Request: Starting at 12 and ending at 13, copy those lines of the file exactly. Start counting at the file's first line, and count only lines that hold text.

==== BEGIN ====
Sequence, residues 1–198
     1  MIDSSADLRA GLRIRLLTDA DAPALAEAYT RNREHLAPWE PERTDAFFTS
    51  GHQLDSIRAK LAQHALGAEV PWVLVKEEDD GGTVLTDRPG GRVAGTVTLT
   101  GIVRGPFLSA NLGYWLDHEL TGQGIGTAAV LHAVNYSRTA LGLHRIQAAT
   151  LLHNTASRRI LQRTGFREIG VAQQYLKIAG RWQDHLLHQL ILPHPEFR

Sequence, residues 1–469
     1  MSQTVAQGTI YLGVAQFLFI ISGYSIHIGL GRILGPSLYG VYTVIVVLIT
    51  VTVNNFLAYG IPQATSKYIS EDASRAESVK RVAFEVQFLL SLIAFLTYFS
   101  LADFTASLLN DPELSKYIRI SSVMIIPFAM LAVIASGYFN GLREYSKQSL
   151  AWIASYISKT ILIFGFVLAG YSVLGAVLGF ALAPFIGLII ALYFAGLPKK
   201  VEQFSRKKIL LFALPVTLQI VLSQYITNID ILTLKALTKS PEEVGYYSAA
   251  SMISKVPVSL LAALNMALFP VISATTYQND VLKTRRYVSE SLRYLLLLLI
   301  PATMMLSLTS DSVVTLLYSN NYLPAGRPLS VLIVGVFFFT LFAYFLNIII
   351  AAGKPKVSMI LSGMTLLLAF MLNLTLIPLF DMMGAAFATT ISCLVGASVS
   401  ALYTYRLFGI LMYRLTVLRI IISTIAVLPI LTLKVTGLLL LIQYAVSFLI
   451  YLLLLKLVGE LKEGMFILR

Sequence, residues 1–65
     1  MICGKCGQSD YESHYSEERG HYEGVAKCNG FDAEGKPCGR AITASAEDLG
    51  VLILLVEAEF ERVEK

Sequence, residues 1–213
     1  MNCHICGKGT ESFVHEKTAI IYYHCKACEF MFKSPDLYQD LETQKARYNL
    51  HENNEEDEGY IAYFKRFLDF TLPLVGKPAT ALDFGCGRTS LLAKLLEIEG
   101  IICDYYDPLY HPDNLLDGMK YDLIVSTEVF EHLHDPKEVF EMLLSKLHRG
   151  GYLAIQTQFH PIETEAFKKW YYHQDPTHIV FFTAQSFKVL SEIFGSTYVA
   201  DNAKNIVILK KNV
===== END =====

   251  SMISKVPVSL LAALNMALFP VISATTYQND VLKTRRYVSE SLRYLLLLLI
   301  PATMMLSLTS DSVVTLLYSN NYLPAGRPLS VLIVGVFFFT LFAYFLNIII